The Nelson Law Firm of Bluffton
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What is a Revocable (or living) Trust?

A revocable, sometimes called "living," trust is a type of trust that is completely revocable or amendable by its creator (usually called the "grantor" or "settlor") during the grantor's life. The trust becomes irrevocable upon the death of the grantor.  

During the life of the grantor, the assets of the trust can be used by the grantor as he or she has always used such assets. The grantor can continue to spend any liquid assets placed in the trust and can continue to live in any residences placed in the trust. It is upon the death of the grantor that the benefits of a revocable trust are realized.

A revocable trust allows the assets in the trust to avoid the probate process and the fees, both to the court and to attorneys, that go along with the probate process. However, it is important to note that the trust allows the grantor's assets to avoid probate only to the extent the assets are placed in the revocable trust before the death of the grantor. It is possible with a completely funded revocable trust (one in which all of the grantor's assets are placed in the trust before the grantor's death), to avoid the probate process alltogether.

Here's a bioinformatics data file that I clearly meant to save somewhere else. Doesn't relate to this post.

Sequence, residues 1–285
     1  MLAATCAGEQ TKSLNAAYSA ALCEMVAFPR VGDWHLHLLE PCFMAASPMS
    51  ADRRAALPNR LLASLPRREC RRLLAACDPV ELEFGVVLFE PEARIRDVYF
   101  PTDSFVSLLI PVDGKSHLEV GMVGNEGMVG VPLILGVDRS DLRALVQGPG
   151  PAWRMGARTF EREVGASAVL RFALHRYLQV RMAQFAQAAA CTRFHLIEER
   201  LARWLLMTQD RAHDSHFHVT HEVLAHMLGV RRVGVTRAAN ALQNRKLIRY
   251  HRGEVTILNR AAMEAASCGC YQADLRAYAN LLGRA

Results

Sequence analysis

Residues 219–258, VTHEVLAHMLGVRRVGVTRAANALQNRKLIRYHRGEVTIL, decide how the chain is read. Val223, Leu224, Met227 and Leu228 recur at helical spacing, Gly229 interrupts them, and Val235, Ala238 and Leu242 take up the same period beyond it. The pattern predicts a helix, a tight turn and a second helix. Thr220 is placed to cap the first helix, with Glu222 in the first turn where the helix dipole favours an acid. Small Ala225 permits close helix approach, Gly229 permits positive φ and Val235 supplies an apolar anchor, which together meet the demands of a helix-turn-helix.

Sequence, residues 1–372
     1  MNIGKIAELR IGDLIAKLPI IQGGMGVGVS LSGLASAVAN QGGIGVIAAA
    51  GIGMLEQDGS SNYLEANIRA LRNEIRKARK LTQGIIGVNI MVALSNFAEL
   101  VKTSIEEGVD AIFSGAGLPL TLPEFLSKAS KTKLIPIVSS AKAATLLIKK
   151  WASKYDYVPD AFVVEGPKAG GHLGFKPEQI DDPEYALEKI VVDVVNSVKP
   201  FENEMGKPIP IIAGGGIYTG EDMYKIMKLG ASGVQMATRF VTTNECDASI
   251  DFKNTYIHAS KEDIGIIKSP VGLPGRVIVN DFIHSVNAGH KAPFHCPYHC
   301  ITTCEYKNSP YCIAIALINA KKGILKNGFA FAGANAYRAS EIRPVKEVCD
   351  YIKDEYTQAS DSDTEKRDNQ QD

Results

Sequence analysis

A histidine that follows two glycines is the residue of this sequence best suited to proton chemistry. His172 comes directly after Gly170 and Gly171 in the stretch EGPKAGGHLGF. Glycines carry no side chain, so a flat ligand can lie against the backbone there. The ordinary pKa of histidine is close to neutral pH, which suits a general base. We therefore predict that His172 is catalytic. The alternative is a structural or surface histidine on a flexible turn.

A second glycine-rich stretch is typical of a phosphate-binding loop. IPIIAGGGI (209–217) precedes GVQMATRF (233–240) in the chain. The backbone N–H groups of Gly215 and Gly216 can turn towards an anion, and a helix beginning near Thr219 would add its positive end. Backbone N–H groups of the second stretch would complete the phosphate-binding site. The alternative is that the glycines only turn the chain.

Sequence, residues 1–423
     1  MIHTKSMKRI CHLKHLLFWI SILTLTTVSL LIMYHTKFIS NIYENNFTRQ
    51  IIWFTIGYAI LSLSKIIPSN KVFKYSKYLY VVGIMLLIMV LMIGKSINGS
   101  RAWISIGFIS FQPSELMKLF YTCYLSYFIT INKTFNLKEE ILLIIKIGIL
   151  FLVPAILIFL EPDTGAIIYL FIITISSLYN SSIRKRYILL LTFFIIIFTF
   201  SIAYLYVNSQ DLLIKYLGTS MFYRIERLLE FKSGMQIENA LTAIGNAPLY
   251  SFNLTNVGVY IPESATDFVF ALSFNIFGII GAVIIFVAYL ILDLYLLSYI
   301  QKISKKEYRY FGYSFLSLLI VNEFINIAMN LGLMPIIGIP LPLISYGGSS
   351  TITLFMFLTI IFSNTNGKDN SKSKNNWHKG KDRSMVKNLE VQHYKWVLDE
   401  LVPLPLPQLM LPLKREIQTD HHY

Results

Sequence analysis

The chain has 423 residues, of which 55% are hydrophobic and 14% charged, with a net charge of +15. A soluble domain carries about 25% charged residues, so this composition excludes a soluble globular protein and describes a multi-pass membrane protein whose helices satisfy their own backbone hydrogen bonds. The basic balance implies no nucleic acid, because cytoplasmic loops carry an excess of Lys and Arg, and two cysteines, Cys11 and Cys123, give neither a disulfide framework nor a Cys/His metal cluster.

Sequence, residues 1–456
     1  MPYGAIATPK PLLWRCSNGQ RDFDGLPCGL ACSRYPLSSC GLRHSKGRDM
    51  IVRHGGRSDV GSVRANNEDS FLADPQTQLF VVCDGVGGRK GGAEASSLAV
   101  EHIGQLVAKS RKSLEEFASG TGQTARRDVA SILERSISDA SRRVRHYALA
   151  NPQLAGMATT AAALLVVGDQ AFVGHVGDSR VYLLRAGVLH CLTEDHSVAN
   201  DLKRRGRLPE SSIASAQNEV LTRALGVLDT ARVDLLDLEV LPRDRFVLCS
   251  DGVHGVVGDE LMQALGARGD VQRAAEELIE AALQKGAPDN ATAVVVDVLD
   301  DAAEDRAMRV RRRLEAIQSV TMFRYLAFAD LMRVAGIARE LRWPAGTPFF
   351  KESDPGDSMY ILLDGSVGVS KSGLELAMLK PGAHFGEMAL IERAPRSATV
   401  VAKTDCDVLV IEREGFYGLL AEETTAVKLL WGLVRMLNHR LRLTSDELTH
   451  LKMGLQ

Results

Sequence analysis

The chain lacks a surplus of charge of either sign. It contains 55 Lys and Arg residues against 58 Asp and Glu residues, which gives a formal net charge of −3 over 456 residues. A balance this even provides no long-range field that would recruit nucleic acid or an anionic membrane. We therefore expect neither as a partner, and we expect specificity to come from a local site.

Revocable trusts are typically used in connection with a "pourover" will - a will in which all of the decedent's assets are directed to be distributed to the revocable trust upon the death of the trust's grantor. In such a scenario, the revocable trust contains the substantive dispotive provisions of the estate plan. The diagram below shows how this process works.

An often-overlooked step in preparing a revocable trust is funding the revocable trust. Funding a revocable trust during the grantor's life allows the assets to avoid probate and the associated fees. In order to fund a revocable trust, bank accounts should be retitiled in the name of the trustee, partnership interests, LLC interests, and corporate stock should be assigned to the revocable trust, and deeds should be prepared transferring the real property to the trust.  

Revocable Trust; pourover will; pour-over will; Living Trust; probate assets; non-probate assets